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NATO?€™s Common European Roof

The New START, signed two weeks ago by Presidents Dmitry Medvedev and Barack Obama, is a historic achievement and an inspiration for further progress in global arms control. But at the same time, we must also prepare to defend against another, less encouraging trend.

The proliferation of weapons of mass destruction and their means of delivery is a threat to both the NATO allies and Russia. A look at current trends shows that more than 30 countries have or are developing missile capabilities. In many cases, these missiles could eventually threaten Europe’s populations and territories.

Iran is a case in point. It has signed the Nuclear Non-Proliferation Treaty and is developing a nuclear program that it claims is for civilian purposes only. But Iran has gone far beyond what is necessary for a purely civilian program.? It has concealed several nuclear facilities from the International Atomic Energy Agency, played hide-and-seek with the international community and rejected all offers of cooperation from the United States, the European Union and others. Most recently, Iran’s government announced plans to enrich its uranium to levels that appear incompatible with civilian use and that defy several UN Security Council resolutions.

Iran also has an extensive missile development program.? Iranian officials declare that the range of their modified Shahab-3 missiles is 2,000 kilometers, putting allied countries such as Turkey, Greece, Romania and Bulgaria within reach.

In February, Iran introduced the SAFIR 2 space-launch vehicle. This is a key stage in the development of intermediate- and intercontinental-range missiles. If Iran completes this development, the whole of Europe — as well as all of Russia — would be within its range.

Proliferators must know that the NATO allies are unwavering in their commitment to collective defense, including nuclear deterrence. Confronted with the spread of missile technology and unpredictable regimes and leaders, we owe it to our populations to complement our deterrence capabilities with effective missile-defense capabilities.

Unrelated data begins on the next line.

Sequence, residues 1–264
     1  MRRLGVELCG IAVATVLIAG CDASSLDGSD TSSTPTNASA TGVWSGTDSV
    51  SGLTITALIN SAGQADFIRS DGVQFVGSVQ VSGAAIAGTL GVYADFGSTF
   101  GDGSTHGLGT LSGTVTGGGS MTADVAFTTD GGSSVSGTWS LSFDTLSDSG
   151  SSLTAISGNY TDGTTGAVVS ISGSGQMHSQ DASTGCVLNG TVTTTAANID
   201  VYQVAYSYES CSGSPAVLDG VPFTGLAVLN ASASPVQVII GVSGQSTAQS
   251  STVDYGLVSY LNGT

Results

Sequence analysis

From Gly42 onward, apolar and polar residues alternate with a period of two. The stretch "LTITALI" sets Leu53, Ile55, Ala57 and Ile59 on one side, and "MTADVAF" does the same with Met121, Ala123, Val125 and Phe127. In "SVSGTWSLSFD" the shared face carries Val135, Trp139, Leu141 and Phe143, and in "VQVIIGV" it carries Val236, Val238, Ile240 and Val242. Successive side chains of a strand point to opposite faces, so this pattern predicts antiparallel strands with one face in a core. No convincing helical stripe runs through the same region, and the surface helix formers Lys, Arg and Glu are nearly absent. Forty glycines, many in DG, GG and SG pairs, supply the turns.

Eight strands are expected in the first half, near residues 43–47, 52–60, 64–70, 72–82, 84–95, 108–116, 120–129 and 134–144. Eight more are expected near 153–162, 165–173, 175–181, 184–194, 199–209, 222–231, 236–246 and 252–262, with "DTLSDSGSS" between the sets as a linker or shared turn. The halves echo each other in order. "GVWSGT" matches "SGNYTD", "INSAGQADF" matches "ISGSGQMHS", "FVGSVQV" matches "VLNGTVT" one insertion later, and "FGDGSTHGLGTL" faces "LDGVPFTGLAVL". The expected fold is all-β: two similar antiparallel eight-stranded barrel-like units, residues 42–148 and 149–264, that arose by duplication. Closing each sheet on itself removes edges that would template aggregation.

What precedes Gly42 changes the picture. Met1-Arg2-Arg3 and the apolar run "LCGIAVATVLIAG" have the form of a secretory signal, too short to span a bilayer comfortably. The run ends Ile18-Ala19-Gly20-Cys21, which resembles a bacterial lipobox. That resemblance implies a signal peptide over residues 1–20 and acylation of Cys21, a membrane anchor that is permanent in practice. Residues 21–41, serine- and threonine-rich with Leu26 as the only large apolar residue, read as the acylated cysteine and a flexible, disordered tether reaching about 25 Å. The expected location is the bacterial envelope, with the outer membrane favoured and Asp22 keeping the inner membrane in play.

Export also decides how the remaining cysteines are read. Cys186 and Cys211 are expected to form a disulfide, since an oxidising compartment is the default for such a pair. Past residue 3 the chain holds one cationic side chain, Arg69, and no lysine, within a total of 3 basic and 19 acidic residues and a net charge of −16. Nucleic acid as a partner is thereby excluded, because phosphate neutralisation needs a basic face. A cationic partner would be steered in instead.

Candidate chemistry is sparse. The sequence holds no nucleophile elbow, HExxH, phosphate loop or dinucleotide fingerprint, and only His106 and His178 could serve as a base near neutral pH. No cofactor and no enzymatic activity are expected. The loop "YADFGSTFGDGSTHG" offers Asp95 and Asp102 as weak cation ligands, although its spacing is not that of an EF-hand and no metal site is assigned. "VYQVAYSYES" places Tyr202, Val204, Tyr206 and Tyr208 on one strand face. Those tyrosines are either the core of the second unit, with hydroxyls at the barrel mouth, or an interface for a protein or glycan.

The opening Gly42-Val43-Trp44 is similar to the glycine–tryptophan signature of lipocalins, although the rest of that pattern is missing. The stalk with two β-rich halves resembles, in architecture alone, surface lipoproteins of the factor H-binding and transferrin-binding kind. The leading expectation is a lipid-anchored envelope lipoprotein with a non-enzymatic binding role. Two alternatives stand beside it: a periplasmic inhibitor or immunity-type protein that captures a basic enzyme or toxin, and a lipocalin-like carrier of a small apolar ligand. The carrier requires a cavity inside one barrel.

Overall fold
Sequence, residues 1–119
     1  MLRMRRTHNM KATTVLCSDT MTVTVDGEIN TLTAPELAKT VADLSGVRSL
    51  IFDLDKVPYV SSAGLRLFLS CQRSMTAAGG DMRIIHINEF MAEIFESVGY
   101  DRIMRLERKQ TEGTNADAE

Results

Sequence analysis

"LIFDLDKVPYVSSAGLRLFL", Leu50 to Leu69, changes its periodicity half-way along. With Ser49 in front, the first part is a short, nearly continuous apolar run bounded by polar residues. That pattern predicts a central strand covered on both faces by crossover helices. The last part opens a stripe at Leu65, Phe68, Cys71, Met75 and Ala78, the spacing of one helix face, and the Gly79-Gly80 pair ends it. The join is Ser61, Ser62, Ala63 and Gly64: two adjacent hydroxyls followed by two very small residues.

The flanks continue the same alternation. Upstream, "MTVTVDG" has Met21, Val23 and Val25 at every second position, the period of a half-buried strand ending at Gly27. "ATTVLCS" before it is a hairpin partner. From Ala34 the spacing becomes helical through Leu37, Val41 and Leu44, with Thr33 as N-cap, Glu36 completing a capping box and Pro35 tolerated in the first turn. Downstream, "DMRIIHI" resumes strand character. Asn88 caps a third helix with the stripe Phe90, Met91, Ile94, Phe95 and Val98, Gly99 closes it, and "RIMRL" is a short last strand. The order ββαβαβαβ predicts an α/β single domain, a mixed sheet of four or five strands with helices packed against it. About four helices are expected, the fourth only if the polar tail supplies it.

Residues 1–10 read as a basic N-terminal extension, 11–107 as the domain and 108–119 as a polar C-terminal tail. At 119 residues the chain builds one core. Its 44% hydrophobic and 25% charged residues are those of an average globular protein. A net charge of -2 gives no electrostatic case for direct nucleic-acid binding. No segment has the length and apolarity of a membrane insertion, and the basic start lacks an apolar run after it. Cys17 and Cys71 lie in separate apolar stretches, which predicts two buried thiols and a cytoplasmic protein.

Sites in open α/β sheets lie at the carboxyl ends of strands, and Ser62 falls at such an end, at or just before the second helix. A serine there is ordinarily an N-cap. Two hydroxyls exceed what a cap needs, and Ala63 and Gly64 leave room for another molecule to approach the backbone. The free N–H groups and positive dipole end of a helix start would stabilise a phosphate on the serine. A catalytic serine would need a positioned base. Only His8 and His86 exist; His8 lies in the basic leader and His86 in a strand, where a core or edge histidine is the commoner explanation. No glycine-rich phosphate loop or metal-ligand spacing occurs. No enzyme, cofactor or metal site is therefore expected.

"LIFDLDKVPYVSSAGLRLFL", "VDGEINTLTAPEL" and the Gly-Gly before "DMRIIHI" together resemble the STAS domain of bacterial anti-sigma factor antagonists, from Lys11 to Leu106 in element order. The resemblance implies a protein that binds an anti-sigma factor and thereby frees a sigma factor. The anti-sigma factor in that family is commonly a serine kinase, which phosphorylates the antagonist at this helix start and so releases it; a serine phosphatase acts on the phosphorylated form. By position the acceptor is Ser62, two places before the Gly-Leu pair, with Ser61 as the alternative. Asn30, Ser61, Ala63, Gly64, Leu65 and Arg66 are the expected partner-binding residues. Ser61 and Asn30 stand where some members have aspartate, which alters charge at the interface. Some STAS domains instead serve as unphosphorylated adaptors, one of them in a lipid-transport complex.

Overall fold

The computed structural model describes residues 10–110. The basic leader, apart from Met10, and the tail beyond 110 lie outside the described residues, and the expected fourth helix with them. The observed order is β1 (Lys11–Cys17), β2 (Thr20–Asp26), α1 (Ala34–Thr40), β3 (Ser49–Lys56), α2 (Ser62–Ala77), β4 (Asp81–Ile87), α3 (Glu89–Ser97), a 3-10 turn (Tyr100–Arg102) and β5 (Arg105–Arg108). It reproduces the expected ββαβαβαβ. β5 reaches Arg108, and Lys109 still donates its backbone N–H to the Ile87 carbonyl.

We are not starting from scratch. NATO allies have been looking at various missile-defense options for some time. NATO itself is developing protections for our deployed troops. But with the new U.S. approach to missile defense, there are now much better opportunities for an effective NATO-wide system that would enhance the territorial defense of our populations and nations.

A true joint Euro-Atlantic missile defense would demonstrate NATO’s collective will, not only to defend against the new threats of today and tomorrow, but also to send a clear message that there is nothing to be gained from missile proliferation. It can also provide an opportunity for Europeans to demonstrate again to the United States their willingness to invest in self-defense capabilities and to play an active role in a process that, until now, has been conducted largely over their heads by the United States and Russia.

But there is another reason for developing missile defense: to create a new dynamic in European and Euro-Atlantic security. There is? much talk these days about the Euro-Atlantic security architecture. Russia, in particular, has focused on treaties, conferences and political arrangements.

Clearly, these things can be useful and important. We should talk. We should look for common political approaches, many of which we have already agreed to and could easily endorse again. But a joint security architecture must move beyond blueprints. It needs to be built. And missile defense is a concrete way to do that.

In this respect, the news that the United States and Russia have agreed on the New START, which will substantially cut both countries’ nuclear arsenals, provides a good backdrop. This new agreement makes the world safer, and it will give impetus to cooperation with Russia in other fields, particularly NATO-Russia relations.

Since taking office last summer, I have invested considerable time and effort in revitalizing the relationship between NATO and Russia, with progress made in several areas, including a joint review of common threats and challenges. But it is time to look at missile defense as another opportunity to bring us together.

We need a missile defense system that includes not just all NATO countries, but Russia, too. The more that missile defense is seen as a shared security roof — built, supported and operated together — that protects us all, the more people from Vancouver to Vladivostok will know that they are part of one community. Such a security roof would be a strong political symbol that Russia is fully part of the Euro-Atlantic family, sharing the costs and benefits.

Of course, there are practical challenges. We would have to make our systems interoperable, share intelligence assessments and link sensitive technologies. But such cooperation is a concrete way to build mutual trust and confidence.

For these reasons, the time has come to move forward on missile defense. We need a decision by NATO’s next summit in November that missile defense is an Alliance mission and that we will explore every opportunity to cooperate with Russia.

But Russia also must decide to view missile defense as an opportunity, rather than a threat. If that happens, we can move forward to create a missile defense system that not only defends the Euro-Atlantic community, but that also brings it together.

The end of the Cold War has given us an enormous opportunity to achieve our goal of a Europe whole, free and at peace. We are not quite there, but we are getting there. Missile defense can be part of that positive trend.

Anders Fogh Rasmussen is secretary-general of NATO. © Project Syndicate

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